Indonesia's government plans to raise $4 billion in debt this year to build roads, ports and power plants, amid the global financial recession. Indonesian officials will meet investors in Asia, Europe and the U.S. from next week. Barclays Plc and UBS AG are in charge of the debt sale.

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Indonesia Starts Cutting Exports to Prop Up Rubber

Indonesia, currently the world's second largest producer of rubber, has began to cut exports in order to support prices.

Indonesia, currently the world's second largest producer of rubber, has began to cut exports in order to support prices. The cut in exports is a result of a pact between the world's three largest rubber producers - Indonesia, Malaysia and Thailand- in an effort to curb production and prices amid the global economic crisis. Indonesia will reduce exports by 116,000 tonnes during the first quarter, equivalent to 40% of the total in January, 35% in February and 25% in March. Rubber was severely affected by the global financial crisis, as the product's total value fell by half from a 56-year high in July. Output of rubber is expected to stay flat in 2008.

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Indonesia: Local Users Will Get More Gas

Indonesia's government plans to prioritize its gas supply for domestic consumption instead of overseas buyers.

Indonesia's government plans to prioritize its gas supply for domestic consumption instead of overseas buyers. The government expects domestic oil consumption to rise as the country continues to see growth in the local production and middle class. Gas producers are urged to raise production in order to meet domestic and international demand. Indonesia expects local demand for gas to increase at an annual rate of 2.8%, reaching 6 billion cubic feet per day by 2020. This new policy will mainly affect Indonesia's main gas markets who rely heavily on the country's exports such as Japan and South Korea. Authorities also stress that adjustments should be made in gas distribution infrastructure and pricing in order to efficiently respond to the country's rapidly growing demand for energy.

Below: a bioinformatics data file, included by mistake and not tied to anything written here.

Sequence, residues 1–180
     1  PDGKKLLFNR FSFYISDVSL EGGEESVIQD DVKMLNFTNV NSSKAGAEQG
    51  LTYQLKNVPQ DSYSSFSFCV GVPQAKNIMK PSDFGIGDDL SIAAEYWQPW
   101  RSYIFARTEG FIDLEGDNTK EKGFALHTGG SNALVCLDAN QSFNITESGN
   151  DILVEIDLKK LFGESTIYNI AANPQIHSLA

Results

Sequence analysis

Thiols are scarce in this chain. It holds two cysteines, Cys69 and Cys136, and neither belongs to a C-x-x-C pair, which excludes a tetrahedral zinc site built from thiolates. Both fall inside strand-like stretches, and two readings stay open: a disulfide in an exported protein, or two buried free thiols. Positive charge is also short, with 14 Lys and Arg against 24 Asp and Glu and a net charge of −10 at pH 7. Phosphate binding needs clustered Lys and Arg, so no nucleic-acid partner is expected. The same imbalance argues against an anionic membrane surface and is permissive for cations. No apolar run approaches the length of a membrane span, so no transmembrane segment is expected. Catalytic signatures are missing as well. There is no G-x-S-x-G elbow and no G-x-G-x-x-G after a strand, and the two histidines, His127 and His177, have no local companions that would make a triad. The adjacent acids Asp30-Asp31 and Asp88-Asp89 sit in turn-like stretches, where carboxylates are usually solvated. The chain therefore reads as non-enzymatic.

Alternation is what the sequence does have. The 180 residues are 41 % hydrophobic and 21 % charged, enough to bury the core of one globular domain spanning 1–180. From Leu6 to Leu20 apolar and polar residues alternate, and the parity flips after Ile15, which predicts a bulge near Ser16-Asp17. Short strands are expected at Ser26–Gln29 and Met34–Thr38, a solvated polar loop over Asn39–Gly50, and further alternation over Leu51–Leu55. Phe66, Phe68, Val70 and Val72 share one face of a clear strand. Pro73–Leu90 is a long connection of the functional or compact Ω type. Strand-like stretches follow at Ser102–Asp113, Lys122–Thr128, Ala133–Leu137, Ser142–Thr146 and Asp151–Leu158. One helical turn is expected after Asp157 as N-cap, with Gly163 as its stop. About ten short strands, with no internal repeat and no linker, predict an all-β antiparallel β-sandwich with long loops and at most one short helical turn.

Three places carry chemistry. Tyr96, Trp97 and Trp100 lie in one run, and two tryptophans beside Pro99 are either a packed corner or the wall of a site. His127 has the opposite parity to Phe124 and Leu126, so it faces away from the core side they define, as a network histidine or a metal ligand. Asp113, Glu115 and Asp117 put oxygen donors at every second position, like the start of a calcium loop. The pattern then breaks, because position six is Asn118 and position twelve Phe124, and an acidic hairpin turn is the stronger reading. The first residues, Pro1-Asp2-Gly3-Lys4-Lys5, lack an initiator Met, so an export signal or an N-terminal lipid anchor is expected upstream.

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Indonesia: Banks Cut Lending Rates

Indonesia's Bank Mandiri and Bank BNI have started to cut lending rates in order to accelerate the country's real sector.

Indonesia's Bank Mandiri and Bank BNI have started to cut lending rates in order to accelerate the country's real sector. The cut was a response to the central bank's recent 50 basis points rate cut to 8.75%. Bank Mandiri will cut lending rates up to 0.5%. Bank BNI will cut lending rates to between 0.5% and 1% for all segments. BNI will also cut deposit rates by 0.5%. Indonesia's economy relies on the continuance of loan channellings in order to reach expect growth of 4.5% this year.

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Indonesia: Qatar to Grab More Indosat Shares

Qatar Telecom Q.S.C.(Qtel), will begin to buy shares of PT Indoset, Indonesia's second largest telecom firm, this week.